TABLE IV______________________________________                              Percent                  In/lb.Torque                              TorqueSample         Water   0.5% Surfactant                              Reduction______________________________________1.  NPSA + 4EO Na Salt              38      16        582.  NPSA + 6EO Na Salt              38      12        683.  NPSA + 2EO Na Salt              38      14        634.  DPSA + 8EO Na Salt              36      16        565.  DPSA + 2EO Na Salt              36      15        586.  DPSA + 6EO Na Salt              38      15        607.  DPSA + 4EO Na Salt              38      15        608.  Witconol NP-100              36      35         3    Nonylphenol with    10 mole EO9.  Witcolate D51-53              38      14        63    Sodium Sulfate Salt______________________________________ Legend: NPSA -- nonylphenol sulfonic acid DPSA -- dodecylphenol sulfonic acid EO -- ethylene oxide Percent torque reduction was calculated by the following formula: ##STR19## W = In/lb. Torque deionized water A = In/lb. Torque 0.5% surfactant in deionized water.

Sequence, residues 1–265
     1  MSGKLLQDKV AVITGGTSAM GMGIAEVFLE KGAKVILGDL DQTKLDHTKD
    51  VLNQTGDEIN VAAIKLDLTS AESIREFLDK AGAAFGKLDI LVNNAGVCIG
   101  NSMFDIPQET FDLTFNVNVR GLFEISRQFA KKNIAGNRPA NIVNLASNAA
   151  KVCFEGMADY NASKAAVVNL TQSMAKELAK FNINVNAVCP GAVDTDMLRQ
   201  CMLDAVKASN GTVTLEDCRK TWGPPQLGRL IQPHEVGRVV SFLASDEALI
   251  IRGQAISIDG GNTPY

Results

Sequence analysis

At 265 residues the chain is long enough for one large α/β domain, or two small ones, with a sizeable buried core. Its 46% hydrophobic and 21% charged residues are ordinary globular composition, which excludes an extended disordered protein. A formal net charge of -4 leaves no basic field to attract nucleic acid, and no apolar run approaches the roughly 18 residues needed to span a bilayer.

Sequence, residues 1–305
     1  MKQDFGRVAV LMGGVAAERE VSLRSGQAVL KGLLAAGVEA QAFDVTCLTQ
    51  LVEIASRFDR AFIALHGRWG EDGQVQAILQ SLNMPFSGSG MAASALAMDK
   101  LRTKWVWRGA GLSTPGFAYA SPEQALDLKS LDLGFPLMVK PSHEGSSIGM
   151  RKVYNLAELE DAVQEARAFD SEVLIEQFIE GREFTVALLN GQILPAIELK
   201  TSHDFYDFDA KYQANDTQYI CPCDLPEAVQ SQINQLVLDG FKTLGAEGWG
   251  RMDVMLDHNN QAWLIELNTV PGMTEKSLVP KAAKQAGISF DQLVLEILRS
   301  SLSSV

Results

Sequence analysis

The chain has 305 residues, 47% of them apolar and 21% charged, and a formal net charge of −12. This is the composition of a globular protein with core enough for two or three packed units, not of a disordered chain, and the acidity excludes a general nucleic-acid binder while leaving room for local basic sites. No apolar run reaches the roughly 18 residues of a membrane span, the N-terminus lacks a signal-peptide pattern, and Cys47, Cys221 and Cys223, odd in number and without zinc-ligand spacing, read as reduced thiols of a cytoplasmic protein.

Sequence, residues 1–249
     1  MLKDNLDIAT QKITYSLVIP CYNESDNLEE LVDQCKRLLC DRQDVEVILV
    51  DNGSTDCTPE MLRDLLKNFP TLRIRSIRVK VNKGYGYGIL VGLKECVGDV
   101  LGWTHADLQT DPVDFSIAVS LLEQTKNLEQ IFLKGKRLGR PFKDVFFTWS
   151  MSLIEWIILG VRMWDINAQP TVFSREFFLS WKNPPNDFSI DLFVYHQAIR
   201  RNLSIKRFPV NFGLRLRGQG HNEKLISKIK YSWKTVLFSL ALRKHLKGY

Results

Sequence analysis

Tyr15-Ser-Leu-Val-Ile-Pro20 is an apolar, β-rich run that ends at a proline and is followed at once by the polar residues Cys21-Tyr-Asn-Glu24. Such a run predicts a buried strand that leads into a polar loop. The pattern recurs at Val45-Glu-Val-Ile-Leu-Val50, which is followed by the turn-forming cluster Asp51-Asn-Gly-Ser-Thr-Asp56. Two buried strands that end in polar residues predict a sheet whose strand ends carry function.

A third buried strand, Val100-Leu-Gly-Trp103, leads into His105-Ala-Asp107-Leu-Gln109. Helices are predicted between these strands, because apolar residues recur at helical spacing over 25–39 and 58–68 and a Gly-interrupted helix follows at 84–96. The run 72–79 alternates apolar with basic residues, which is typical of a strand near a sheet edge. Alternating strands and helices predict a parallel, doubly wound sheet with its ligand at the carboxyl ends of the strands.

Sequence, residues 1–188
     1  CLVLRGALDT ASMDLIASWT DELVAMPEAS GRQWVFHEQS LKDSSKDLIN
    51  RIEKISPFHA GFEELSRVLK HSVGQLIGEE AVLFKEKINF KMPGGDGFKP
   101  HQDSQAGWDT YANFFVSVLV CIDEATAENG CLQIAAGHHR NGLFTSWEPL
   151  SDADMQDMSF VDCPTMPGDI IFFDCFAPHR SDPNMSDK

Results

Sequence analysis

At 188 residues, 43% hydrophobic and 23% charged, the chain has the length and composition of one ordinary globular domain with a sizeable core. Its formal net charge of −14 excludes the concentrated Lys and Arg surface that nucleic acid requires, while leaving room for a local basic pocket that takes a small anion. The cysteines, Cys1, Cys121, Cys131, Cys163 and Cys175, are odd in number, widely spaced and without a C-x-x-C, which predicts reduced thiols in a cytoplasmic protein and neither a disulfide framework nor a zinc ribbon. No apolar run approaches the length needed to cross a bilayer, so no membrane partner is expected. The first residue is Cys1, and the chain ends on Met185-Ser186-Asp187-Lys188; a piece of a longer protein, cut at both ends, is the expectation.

The data shown above illustrates the excellent lubricity characteristics of all compounds 1 to 7. Witconol Np-100 was included as a core surfactant and Witcolate D51-53 as the sodium sulfate salt of NP-100, which represented a similar type chemical structure.

EXAMPLE 7

This example illustrates the foam stability of compounds of 1 to 7 when 0.5 ml of 50 exp. dissolved in 100 ml tap-water. The compounds in Table V were prepared in accordance with the procedure of Example 1, except dodecylphenol sulfonic acid was substituted where indicated below.

              TABLE V______________________________________Sample          Foam Height (ml)                        Half-Life (sec.)______________________________________1. NPSA + 4EO Na Salt           200          882. NPSA + 6EO Na Salt           230          813. NPSA + 2EO Na Salt           230          844. DPSA + 8EO Na Salt           290          955. DPSA + 2EO Na Salt           400          1136. DPSA + 6EO Na Salt           270          877. DPSA + 4EO Na Salt           280          81______________________________________ Legend: NPSA  nonylphenol sulfonic acid DPSA  dodecylphenol sulfonic acid EO  ethylene oxide